Some Dos and Don’ts for Writing a Prequel

It seems prequels, prequel-sequels and sequels to prequels that remain prequels are all the rage at the moment. This year, I’ve read Philip Pullman’s La Belle Sauvage (the first volume in His Dark Materials follow-up, but a prequel) and last weekend watched Alien Covenant. These two works have got me thinking a lot about what makes a good prequel.

Do: Make it a Story in its Own Right
Don’t: Simply Fill in the Gaps

What I loved most about La Belle Sauvage is that it took the emphasis off Lyra and placed it elsewhere while still making her the point of the story. She’s a baby so can’t do much. The events that take place in the book are not alluded to (to my memory) in any of the original His Dark Materials books, but the world building and the slow creeping towards the events in HDM are hinted. Yet it felt as though it fit in the same world. Pullman created a narrative within the area of Oxford, using the existing characters sparingly (but with plenty of foreshadowing) without making it one giant nod to the original books. I know this displeased some people, but as a writer I understand the desire to really expand a universe. I would feel I was cheating my readers by simply filling in the gaps and creating events they are already familiar with when writing a prequel.

The Prometheus and Alien Covenant films did just that too. No traditional xenomorph appeared in Prometheus, but they did appear in the second film with a startling revelation about their origin that I did not see coming. This was shrewd writing and the small plot device when we have that first big reveal was excellent writing from Scott’s team.

Do: Ensure the Story is Consistent
Don’t: Create Major Events Characters will Later “Forget”

I’m sure we can all think of prequels that introduce characters who are so important, too important to forget, for the events of the prequel. This creates a major problem – why are they not in (or at least referenced in) any of the original content? I cautiously point to Assassin’s Creed: Origins here. There is no reference to Bayek in the earlier games, but his wife Aya will later become Amunet – one of the founding members of the Assassin’s Brotherhood. I realise I am sticking my neck out here because there may be further games with these two that will clarify why the narrative remembers Amunet but not Bayek but at the moment, I am scratching my head.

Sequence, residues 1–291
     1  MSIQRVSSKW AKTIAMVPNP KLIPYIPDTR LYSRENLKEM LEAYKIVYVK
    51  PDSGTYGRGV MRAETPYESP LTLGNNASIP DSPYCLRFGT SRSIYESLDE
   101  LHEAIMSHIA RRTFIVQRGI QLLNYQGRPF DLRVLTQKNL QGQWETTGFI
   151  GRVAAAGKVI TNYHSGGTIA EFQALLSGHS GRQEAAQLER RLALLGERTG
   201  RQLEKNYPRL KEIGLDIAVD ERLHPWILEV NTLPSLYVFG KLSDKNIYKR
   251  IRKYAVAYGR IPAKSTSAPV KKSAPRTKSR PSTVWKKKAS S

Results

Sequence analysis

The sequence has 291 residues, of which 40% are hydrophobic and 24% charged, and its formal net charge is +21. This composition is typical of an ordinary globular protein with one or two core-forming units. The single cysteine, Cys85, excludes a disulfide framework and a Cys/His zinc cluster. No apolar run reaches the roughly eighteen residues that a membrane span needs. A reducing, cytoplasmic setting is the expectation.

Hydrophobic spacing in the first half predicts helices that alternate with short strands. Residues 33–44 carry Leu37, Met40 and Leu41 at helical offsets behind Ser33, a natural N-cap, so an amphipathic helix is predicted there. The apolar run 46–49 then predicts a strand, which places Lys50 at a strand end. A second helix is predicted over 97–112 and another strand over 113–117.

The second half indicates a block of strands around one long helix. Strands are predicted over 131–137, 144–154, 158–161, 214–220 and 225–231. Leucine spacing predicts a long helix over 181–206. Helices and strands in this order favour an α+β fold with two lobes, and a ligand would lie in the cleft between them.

Do: Enhance the Narrative
Don’t: Be an Exercise in Vague References

This especially applies to the (so far) two Alien prequels: Prometheus and Alien: Covenant, but also to La Belle Sauvage. In each case, the writers made a clear decision to strike out boldly. I particularly liked how Alien Covenant linked both Prometheus (that had only passing reference to Alien) to Alien by emphasising both elements of the story. It’ll be interesting to see how loose threads from all three films come together in the conclusive part of the trilogy prequel.

La Belle Sauvage succeeded in doing the same. While making it clear this was the same universe, the characters from the original HDM, when they appeared, were fleeting and used to ground the narrative. This worked as a story in its own right. The result is a strong story on its own. The flip side of this is Revenge of the Sith which rushed the important events and felt like a damp squib.

Do: Have a Point to the Story
Don’t: End up an Exercise in Navel-Gazing

Not referencing any particular work here, but I’m sure we can all think of a prequel that we finished watching/reading and asked “what was the point?” Prequel stories that do not move the narrative forward feel like a major cheat. They feel like a cash cow designed only to screw money out of the fan. What story are you trying to tell? Are you actually trying to tell a story? Fans do cry out for prequels and sequels although writers realise they are not always a good idea.

If you’re thinking of going down that route, you need to have a good reason for doing it. Don’t waste a whole book or series of books that will leave you with loose threads that you are unable to do anything with. I kind of feel the Star Wars eps I-III fell into this trap. Too much time was wasted in the first two that the defining moments of Anakin becoming Darth Vader and the birth of Luke & Leia felt a rushed anti-climax.


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